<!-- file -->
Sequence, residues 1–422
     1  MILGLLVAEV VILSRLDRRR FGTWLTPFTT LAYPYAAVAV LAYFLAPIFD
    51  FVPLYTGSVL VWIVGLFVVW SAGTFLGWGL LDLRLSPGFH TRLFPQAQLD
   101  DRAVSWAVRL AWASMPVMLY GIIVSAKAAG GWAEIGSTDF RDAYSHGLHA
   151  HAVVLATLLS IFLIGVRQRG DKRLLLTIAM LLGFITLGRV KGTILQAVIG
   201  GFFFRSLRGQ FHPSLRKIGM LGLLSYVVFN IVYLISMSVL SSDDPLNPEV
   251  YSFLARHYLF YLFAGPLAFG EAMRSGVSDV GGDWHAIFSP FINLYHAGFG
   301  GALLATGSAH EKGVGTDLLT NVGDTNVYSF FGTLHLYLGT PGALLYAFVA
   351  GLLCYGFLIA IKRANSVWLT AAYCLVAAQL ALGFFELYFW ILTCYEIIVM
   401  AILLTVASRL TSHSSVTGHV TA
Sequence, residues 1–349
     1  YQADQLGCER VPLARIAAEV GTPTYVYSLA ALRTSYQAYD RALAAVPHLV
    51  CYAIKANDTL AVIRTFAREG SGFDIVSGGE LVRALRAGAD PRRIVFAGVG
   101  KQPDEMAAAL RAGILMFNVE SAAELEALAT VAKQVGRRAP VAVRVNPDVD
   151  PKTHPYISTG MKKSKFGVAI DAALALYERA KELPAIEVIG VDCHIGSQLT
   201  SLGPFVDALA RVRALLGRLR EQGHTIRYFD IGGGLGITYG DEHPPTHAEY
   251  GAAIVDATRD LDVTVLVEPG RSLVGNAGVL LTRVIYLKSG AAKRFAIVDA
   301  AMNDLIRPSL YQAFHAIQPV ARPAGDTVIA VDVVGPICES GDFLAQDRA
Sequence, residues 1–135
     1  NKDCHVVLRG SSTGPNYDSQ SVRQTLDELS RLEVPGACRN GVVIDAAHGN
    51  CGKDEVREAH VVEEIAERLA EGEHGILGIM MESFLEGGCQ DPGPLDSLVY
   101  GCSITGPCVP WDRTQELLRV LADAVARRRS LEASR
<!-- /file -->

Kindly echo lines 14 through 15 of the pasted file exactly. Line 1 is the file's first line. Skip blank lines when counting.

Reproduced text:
   101  KQPDEMAAAL RAGILMFNVE SAAELEALAT VAKQVGRRAP VAVRVNPDVD
   151  PKTHPYISTG MKKSKFGVAI DAALALYERA KELPAIEVIG VDCHIGSQLT